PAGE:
The aim of Jungleye is to use participatory photography as a tool allowing refugees and asylum seekers to reflect, share, learn and express their experiences in a way that is empowering them and valuable and thought-provoking to the host community and society in general.
In November 2015, the photographer Severine Sajous and the architect Julie Brun launched the Jungleye project inside the migrant camp situated on the edge of the French city of Calais, popularly known as The Jungle. At that time the people living in The Jungle were mostly all men who were all trying to make their way from mainland Europe to England, through the Channel Tunnel. They established a base in The Jungle and began teaching a group of the young men photography. Together they made pictures which the printed as postcards and made widely available in the city of Calais. The images and corresponding captions were sometimes bleak, sometimes uplifting, sometimes comical, and always emotional and moving. With these postcards they hoped to shorten the distance between the residents of Calais and those in The Jungle.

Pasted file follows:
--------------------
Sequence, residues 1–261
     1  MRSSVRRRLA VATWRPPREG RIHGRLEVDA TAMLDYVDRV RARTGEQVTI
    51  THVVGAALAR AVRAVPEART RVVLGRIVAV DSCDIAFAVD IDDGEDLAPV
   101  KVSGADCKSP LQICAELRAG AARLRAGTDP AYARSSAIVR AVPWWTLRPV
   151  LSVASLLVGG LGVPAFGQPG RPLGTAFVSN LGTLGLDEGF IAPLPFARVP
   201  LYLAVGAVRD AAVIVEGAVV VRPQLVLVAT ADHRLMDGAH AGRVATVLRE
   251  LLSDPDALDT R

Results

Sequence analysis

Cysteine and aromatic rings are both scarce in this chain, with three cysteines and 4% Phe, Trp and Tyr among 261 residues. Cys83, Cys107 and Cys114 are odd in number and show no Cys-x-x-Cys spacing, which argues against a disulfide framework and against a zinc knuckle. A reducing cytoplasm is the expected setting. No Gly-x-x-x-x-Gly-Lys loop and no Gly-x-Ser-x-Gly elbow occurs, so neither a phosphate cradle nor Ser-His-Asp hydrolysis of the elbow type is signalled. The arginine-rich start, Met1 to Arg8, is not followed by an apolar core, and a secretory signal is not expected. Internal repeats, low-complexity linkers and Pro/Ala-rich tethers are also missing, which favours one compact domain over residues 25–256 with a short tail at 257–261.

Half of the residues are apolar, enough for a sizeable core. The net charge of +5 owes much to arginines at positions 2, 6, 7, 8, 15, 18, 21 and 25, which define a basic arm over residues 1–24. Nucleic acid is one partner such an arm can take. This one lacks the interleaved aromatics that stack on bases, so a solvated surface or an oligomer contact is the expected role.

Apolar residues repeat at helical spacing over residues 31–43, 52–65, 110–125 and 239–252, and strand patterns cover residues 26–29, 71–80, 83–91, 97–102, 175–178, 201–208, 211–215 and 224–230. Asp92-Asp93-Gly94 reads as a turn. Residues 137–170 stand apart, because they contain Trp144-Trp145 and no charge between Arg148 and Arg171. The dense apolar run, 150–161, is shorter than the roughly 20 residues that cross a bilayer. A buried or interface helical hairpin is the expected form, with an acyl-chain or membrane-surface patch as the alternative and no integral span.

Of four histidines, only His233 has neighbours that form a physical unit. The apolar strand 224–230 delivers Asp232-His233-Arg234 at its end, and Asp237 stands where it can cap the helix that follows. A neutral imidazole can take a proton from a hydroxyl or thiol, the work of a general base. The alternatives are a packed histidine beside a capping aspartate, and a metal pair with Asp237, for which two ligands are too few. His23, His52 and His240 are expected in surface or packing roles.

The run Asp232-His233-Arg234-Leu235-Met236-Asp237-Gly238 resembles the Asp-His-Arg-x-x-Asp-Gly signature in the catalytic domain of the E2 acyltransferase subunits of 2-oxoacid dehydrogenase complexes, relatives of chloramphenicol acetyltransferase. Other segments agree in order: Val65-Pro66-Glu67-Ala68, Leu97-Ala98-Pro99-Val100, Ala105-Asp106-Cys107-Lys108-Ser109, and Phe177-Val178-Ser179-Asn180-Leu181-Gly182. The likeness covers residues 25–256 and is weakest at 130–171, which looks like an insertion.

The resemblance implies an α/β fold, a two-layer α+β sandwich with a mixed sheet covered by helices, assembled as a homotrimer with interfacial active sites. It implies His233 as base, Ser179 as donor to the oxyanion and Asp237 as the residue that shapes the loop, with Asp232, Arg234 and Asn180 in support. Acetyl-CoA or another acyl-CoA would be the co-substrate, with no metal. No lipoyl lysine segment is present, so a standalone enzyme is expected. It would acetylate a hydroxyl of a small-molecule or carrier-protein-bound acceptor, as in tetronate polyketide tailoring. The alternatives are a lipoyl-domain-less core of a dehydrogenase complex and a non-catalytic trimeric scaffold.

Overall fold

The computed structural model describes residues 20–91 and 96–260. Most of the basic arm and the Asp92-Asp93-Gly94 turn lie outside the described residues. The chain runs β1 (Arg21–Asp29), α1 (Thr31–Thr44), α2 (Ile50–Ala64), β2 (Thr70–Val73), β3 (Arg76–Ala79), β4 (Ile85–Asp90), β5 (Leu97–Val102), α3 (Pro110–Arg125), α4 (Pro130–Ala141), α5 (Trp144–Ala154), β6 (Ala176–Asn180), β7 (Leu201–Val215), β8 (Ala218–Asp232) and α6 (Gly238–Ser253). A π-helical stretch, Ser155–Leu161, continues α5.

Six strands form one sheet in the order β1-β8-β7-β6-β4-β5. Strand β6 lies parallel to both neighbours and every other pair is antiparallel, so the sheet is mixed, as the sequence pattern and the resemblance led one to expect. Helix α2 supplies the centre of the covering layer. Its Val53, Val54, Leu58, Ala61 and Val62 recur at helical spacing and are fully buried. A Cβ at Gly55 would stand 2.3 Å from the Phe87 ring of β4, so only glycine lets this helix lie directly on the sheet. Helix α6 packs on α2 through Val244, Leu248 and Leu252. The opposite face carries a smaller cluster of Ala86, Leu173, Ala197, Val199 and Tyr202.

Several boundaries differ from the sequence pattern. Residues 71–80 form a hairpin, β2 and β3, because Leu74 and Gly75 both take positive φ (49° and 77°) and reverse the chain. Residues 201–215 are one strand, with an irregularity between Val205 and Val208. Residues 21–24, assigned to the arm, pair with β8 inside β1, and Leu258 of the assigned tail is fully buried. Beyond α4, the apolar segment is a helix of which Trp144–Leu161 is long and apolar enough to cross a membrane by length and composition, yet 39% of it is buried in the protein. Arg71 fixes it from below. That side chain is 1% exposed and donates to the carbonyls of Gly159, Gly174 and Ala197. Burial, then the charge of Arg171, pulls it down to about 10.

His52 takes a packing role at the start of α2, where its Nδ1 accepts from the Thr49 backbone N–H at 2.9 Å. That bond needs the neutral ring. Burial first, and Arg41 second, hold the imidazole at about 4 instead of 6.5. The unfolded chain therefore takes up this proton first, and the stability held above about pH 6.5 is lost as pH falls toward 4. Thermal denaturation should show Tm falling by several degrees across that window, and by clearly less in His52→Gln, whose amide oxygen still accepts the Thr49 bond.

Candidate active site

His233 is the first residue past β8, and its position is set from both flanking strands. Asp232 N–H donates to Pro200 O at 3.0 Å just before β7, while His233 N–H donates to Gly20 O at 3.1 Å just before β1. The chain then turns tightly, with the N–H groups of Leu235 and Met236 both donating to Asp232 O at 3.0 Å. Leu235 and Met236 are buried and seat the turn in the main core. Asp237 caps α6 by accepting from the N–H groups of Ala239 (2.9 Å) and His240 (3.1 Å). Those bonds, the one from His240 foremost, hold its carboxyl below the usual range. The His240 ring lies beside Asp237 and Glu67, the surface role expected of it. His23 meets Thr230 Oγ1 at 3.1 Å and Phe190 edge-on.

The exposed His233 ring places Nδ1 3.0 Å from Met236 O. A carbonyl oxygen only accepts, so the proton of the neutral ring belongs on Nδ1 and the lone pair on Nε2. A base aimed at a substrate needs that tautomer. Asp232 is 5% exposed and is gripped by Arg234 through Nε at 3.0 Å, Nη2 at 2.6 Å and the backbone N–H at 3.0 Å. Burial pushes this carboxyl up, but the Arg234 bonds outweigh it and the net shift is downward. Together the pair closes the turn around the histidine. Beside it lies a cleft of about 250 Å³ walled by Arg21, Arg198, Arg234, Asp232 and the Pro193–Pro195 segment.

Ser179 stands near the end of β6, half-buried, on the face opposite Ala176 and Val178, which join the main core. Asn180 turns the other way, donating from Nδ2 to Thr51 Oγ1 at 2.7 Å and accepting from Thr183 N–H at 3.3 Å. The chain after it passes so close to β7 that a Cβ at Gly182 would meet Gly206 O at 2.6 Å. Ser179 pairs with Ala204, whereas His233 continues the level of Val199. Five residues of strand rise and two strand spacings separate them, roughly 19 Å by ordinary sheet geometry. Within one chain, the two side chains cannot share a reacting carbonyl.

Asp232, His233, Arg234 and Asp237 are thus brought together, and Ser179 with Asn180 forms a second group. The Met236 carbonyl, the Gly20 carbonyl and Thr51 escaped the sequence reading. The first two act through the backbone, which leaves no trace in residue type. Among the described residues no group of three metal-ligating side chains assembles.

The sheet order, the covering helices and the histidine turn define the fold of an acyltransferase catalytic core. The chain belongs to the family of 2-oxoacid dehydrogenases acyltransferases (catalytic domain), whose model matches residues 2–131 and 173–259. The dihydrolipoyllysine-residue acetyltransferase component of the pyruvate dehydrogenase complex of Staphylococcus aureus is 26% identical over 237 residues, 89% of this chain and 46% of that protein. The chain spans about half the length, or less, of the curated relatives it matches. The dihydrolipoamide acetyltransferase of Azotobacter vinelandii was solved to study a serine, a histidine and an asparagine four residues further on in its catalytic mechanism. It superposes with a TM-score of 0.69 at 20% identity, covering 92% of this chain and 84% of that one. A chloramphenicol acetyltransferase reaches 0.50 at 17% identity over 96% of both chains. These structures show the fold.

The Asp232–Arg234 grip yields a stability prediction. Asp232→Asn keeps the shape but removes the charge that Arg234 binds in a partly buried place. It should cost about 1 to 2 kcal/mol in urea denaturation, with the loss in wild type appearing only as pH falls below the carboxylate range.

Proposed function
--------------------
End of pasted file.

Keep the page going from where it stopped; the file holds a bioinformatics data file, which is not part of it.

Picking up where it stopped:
Today, the association continue to promote the voice of displaced communities across Europe and the Middle-East. Aspiring to a more united and peaceful society, this project is based on four main objectives:
Reduce the gap between host communities and migrant communities in Europe.
Give access to art and culture as an expression tool.
Enhance existing talents and skills.
Raise awareness among the civil society about the migratory issue and living conditions of displaced communities.